3.An immersive experience to capture the atmosphere of a contextual situation
The key issues
The iconography of ancient Greek vases is a major source of information about daily life in ancient Greece, as few written texts have come down to us. However, it is difficult for neophytes to know which elements of these images illustrate daily life. So the goal for this display was to explain the original purpose of the work and the context in which it was used, with a multi-user resource that provided information in several languages.

The solution proposed by Museum Lab
This display invites visitors to experience the kind of situation in which the work was originally used. The mise-en-scène uses life-size versions of figures and objects painted on the ceramic pieces, and brings an ancient Greek banquet to life for visitors in an enveloping space with both visual and audio components, providing a lively demonstration of the role of the krater. This Museum Lab resource therefore invites visitors into the world depicted on the artworks; and it is accessible in several languages.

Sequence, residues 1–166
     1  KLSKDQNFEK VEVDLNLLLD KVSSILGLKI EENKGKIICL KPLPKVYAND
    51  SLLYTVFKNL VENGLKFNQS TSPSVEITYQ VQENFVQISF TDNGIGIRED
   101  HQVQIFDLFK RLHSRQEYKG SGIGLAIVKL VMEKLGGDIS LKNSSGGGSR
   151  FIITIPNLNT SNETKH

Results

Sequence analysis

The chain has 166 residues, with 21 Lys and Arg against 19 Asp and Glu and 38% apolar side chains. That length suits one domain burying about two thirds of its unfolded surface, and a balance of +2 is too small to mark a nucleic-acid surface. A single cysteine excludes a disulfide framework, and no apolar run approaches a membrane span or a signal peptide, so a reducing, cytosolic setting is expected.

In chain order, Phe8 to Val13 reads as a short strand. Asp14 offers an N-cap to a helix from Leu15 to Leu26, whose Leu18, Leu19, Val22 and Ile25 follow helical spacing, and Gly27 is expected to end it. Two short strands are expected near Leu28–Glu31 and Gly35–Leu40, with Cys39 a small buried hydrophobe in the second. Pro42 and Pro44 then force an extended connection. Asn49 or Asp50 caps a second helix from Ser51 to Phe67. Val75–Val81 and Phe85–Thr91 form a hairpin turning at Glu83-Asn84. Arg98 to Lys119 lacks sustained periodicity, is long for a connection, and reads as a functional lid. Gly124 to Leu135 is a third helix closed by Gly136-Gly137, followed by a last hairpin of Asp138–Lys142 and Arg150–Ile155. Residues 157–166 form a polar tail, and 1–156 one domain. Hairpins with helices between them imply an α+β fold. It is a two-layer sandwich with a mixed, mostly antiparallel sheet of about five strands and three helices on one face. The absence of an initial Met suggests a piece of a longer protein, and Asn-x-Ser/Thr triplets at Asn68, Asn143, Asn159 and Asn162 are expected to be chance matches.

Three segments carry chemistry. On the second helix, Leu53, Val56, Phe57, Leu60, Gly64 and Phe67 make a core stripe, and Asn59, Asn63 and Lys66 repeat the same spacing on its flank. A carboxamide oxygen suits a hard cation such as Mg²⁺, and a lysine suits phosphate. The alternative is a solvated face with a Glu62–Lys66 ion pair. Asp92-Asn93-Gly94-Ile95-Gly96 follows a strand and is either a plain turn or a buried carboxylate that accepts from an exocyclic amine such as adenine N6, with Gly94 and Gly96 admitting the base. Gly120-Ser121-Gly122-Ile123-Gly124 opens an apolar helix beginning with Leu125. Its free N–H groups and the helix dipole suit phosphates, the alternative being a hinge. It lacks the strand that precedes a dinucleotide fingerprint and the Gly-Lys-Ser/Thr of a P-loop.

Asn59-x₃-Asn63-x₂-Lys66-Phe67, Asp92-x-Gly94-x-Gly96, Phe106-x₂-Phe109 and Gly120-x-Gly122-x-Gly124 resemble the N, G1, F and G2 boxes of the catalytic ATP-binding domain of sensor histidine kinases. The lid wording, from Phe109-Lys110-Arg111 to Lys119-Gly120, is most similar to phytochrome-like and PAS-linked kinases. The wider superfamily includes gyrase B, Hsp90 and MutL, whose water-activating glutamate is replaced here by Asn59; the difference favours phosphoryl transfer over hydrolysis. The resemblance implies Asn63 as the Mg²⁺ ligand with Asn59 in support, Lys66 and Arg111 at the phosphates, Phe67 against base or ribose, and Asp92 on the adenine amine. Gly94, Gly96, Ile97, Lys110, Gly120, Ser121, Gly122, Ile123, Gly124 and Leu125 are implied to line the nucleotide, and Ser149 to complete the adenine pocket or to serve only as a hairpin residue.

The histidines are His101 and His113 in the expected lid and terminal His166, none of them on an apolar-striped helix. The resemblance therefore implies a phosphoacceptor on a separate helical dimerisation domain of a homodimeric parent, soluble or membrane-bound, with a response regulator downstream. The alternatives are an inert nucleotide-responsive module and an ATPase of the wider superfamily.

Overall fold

4.Telling a story (and sparking interest in the artwork)
The key issues
Linear, non-interactive presentations are rarely able to meet visitors' diverse needs, while interactive resources may detract from their overall understanding; moreover, there is no guarantee that visitors will receive the information as the designer intended. This was the issue under reflection with this Museum Lab display, which we also wanted to arouse interest in the artworks themselves rather than simply recount the story painted on the ceramics.